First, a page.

Guest post by Nathaniel J. Thompson, bankruptcy attorney at the Law Office of Nathaniel J. Thompson
It is not uncommon for bankruptcy law to interact with family law. In fact, one of the four most common causes for the filing of a bankruptcy is a recent divorce. Common questions that arise in family law when a bankruptcy is filed include whether any debts incurred through the divorce and related proceedings may be included in the discharge.
Before answering the above question, it should be noted that a married couple may file a joint bankruptcy case at any time before a court enters the divorce decree. If the parties may cooperate with doing a joint bankruptcy, in a lot of cases it is beneficial to do so, to simplify the debt division in the divorce. It also reduces the total cost for bankruptcy, as typically, a joint case is cheaper than two individual cases.
Can debts related to the divorce be discharged?
Looking back on your divorce, you may believe you were asked to give up too much. So what obligations may be discharged in the bankruptcy? Well, that may depend on the chapter of bankruptcy under which you seek relief. This answer can depend on the smallest details, so it will be necessary to have an attorney review your specific circumstances.
The most common chapter of bankruptcy used by the public is chapter 7. The chapter 7 discharge is codified, and two sections affect what is included in the chapter 7 discharge: 11 U.S.C. § 727 and 11 U.S.C. § 523(a). Section 727(b) excludes debts listed in section 523(a) from the chapter 7 discharge.
First, if the divorce-related debt is a domestic support obligation, it will not be discharged. 11 U.S.C. § 523(a)(5). Second, any debt to a spouse, former spouse, or child of the debtor that is not a domestic support obligation that is incurred by the debtor in the course of a divorce or separation or in connection with a separation agreement, divorce decree or other order of a court of record, or a determination made by a governmental unit (so basically any other obligation resulting from the divorce) will not be discharged. 11 U.S.C. § 523(a)(15).
So in chapter 7, not much resulting from the divorce will get discharged. Perhaps attorney fees you owe to your attorney and depending on how it was set up, attorney fees you owe to an ex-spouses attorney.
The chapter 13 discharge is sometimes referred as a “super discharge” as it is a bit broader than the chapter 7 discharge. This is especially the case when dealing with debts related to a divorce.
However, your support obligations will not be discharged. This is simply public policy, and Congress believes support obligations should not be so easily released.
Other divorce-related debts:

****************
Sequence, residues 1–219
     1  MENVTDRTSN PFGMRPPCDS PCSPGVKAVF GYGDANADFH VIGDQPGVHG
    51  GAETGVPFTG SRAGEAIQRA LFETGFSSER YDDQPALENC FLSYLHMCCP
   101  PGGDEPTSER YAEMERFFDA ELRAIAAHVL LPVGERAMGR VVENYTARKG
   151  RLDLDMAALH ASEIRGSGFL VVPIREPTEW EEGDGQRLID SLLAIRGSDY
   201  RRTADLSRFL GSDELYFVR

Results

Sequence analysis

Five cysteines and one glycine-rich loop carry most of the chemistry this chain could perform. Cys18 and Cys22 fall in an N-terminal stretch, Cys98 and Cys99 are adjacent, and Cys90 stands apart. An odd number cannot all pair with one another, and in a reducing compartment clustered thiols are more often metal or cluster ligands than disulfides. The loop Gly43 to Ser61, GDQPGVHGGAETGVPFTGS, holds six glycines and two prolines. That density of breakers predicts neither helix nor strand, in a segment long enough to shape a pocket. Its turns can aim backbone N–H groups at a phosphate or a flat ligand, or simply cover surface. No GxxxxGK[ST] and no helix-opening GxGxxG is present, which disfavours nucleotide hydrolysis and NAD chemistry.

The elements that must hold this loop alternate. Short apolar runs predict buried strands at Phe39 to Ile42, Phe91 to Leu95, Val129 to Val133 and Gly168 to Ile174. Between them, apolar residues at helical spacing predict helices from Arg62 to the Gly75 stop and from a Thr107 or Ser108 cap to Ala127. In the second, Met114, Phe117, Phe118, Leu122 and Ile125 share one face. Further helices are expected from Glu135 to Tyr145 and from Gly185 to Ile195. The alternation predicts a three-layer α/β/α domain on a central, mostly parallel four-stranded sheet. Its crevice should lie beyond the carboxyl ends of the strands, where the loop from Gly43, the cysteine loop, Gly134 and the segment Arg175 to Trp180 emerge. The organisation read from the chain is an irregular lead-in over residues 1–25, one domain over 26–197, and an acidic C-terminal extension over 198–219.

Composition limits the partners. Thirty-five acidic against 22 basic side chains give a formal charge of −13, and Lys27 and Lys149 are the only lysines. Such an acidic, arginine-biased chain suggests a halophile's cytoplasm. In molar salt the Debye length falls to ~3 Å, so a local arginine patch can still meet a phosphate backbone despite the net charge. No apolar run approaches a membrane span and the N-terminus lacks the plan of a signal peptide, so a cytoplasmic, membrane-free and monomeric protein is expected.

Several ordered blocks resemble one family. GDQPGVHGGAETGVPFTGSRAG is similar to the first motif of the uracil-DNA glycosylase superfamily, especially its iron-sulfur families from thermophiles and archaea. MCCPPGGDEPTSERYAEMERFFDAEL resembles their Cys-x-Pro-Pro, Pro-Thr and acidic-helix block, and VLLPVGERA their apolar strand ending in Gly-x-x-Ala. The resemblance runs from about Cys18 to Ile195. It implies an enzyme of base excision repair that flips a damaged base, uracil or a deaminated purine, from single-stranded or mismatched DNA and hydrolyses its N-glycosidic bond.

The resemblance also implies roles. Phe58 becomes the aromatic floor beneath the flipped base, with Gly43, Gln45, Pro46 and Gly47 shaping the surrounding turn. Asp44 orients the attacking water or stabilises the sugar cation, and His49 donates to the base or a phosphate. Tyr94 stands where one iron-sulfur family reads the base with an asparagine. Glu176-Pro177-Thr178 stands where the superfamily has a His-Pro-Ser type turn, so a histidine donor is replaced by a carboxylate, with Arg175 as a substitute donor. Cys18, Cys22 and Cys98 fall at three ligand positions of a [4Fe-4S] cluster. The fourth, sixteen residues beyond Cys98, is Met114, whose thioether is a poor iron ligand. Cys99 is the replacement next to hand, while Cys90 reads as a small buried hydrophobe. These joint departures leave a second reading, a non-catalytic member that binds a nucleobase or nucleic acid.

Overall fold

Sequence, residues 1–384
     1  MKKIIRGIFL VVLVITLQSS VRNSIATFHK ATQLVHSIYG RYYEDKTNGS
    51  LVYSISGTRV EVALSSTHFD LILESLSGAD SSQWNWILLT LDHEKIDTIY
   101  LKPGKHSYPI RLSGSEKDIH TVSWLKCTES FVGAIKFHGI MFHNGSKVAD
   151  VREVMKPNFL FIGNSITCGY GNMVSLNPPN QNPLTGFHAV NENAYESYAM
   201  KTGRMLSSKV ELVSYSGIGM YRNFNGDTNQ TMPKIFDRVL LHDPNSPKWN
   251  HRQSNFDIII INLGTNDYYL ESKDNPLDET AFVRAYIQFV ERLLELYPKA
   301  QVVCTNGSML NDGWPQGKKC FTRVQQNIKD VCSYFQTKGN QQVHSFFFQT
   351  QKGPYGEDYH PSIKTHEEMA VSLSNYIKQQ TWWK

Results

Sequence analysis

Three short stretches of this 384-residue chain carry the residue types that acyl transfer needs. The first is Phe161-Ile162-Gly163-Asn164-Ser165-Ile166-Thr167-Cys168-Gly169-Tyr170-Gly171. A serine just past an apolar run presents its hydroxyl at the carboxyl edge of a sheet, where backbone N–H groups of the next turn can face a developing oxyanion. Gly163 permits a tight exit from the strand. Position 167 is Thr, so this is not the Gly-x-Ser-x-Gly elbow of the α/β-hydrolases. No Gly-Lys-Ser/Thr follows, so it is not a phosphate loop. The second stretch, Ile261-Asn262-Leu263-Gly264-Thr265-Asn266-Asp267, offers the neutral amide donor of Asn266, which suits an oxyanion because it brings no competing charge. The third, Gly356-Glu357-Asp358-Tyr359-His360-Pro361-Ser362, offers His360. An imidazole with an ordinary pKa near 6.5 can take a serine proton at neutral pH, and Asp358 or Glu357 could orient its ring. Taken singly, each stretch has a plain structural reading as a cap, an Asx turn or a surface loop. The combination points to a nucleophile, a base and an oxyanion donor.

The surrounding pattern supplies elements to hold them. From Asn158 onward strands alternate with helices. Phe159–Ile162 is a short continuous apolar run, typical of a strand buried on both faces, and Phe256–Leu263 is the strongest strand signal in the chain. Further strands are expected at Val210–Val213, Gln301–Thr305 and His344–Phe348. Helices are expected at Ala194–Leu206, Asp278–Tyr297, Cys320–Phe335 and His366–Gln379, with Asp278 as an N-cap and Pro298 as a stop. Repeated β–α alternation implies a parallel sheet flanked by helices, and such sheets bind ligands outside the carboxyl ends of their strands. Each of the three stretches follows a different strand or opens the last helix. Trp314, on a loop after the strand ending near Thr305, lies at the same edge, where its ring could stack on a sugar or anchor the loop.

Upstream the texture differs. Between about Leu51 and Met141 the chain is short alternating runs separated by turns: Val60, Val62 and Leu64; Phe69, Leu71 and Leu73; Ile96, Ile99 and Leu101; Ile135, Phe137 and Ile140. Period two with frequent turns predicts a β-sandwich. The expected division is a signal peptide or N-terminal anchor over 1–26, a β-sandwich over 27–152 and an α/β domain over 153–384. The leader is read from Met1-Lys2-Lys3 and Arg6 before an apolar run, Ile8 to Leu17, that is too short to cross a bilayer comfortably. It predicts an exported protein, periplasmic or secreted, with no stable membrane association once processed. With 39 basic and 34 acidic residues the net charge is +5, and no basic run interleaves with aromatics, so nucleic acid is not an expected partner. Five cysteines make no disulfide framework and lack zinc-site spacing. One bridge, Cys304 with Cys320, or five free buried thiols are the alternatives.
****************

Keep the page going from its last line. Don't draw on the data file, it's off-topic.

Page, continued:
This is where chapter 13 can really help out. Section 1328(a)(2) (the chapter 13 discharge) excludes 523(a)(15) from the exceptions to a chapter 13 discharge. This means other divorce-related debts, such as property division or debt division may be included in the chapter 13 discharge!
What to watch out for
As you can see, it makes a huge difference if a debt is a domestic support obligation. A fair amount of divorce attorneys have figured this out too. So language will be included in a separation agreement that labels certain obligations as in the nature of domestic support. A good divorce attorney will go so far as to include language that makes clear that the property and debt division was done as it was in contemplation or consideration of maintenance or the waiver thereof. This type of language can change a debt that might have fallen under 523(a)(15) to instead be considered a domestic support obligation under 523(a)(5).
A Colorado Supreme Court case relevant to this issue and that provides appropriate analysis is In re Marriage of Weis, 232 P.3d 789 (Colo. 2010). If your debt has been labeled as a support obligation and language is included stating the debt was in consideration of maintenance obligation or the waiver of maintenance; it will be a very uphill battle to have the bankruptcy judge disturb the orders of the state court. So before signing a separation agreement, make sure your attorney has advised you regarding how a bankruptcy may affect your obligations or your benefits.
About The Law Office of Nathaniel J. Thompson
The Law Office of Nathaniel J. Thompson is a law firm that handles work on behalf of folks who live in or near Denver. If you feel that you may need to have a lawyer present to help you deal with creditors or other financial institutions, we can advise you. We consult with area residents who have questions about debt laws, the foreclosure process and filing for bankruptcy protection. Call 720-319-7049, email firstname.lastname@example.org or visit www.njtlawcolorado.com to schedule a free evaluation.
This article is not a substitute to hiring an attorney is NOT meant to be legal advice. Further, it is meant to be a marketing tool and is not an exhaustive source of applicable laws relating to this subject. To find out how the law applies to your circumstances you must retain counsel or come to your own independent determination.